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Weakly nonlinear analysis of wind-driven gravity waves

Published online by Cambridge University Press:  01 March 2004

ALEXANDROS ALEXAKIS
Affiliation:
Department of Physics, University of Chicago, Chicago, IL 60637, USA
YUAN-NAN YOUNG
Affiliation:
Department of Engineering Sciences & Applied Mathematics, Northwestern University, Evanston, IL, 60208, USA
ROBERT ROSNER
Affiliation:
Department of Physics, University of Chicago, Chicago, IL 60637, USA Department of Astronomy & Astrophysics, University of Chicago, Chicago, IL 60637, USA

Abstract

We study the weakly nonlinear development of shear-driven gravity waves induced by the physical mechanism first proposed by Miles, and furthermore investigate the mixing properties of the finite-amplitude solutions. Linear theory predicts that gravity waves are amplified by an influx of energy through the critical layer, where the velocity of the wind equals the wave phase velocity. As the wave becomes of finite amplitude nonlinearities have to be taken into account. In this paper we derive asymptotic solutions of finite-amplitude waves for weak wind and strong gravitation $U^2 \ll gl$, applicable to many astrophysical scenarios. Because of the presence of a critical layer, ordinary weakly nonlinear methods fail; in this paper, we use rescaling at the critical layer and matched asymptotics to derive the amplitude equations for the most unstable wave, under the assumption that the physical domain is periodic. These amplitude equations are compared with the equations derived by Reutov for the small-density-ratio case (applicable to oceanography); and after numerically integrating these equations, we also analytically derive their quasi-steady limit. As in other analyses of critical layers in inviscid parallel flow, we find that the initial exponential growth of the amplitude $A$ transitions to an algebraic growth proportional to the viscosity, $A \sim \nu t^{2/3}$. We also find that the weakly nonlinear flow allows superdiffusive particle transport within the critical layer, with an exponent $\sim 3/2$, consistent with Venkataramani's results.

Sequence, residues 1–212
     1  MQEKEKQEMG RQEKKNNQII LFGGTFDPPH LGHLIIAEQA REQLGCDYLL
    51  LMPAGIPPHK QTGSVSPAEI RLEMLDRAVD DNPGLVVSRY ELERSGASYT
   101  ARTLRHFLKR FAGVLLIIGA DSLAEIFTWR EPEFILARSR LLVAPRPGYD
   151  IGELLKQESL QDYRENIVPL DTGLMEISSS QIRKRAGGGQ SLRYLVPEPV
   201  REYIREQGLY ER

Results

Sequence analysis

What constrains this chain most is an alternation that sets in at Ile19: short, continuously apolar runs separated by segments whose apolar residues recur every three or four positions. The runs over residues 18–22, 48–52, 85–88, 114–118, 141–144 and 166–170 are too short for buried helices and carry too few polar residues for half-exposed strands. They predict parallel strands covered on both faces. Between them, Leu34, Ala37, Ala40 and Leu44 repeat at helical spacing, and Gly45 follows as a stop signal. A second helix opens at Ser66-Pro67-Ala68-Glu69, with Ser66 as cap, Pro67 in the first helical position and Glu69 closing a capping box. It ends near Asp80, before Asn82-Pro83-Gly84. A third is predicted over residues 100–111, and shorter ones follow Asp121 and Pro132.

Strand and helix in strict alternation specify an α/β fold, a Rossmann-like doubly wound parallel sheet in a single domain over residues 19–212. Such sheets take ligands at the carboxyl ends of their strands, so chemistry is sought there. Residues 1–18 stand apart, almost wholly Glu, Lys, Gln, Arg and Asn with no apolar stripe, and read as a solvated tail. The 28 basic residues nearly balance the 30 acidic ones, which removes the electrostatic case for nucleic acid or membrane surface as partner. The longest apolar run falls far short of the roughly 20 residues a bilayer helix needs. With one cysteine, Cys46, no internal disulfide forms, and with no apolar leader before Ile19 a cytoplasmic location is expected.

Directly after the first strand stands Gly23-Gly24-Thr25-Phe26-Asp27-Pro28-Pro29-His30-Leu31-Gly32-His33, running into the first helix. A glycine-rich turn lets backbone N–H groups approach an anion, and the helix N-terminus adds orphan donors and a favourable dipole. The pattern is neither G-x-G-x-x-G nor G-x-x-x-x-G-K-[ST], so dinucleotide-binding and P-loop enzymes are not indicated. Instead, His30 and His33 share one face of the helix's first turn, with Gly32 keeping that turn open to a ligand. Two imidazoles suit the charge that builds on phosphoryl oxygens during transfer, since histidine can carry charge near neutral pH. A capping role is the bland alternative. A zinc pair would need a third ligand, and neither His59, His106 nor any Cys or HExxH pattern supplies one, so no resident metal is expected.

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Copyright
© 2004 Cambridge University Press

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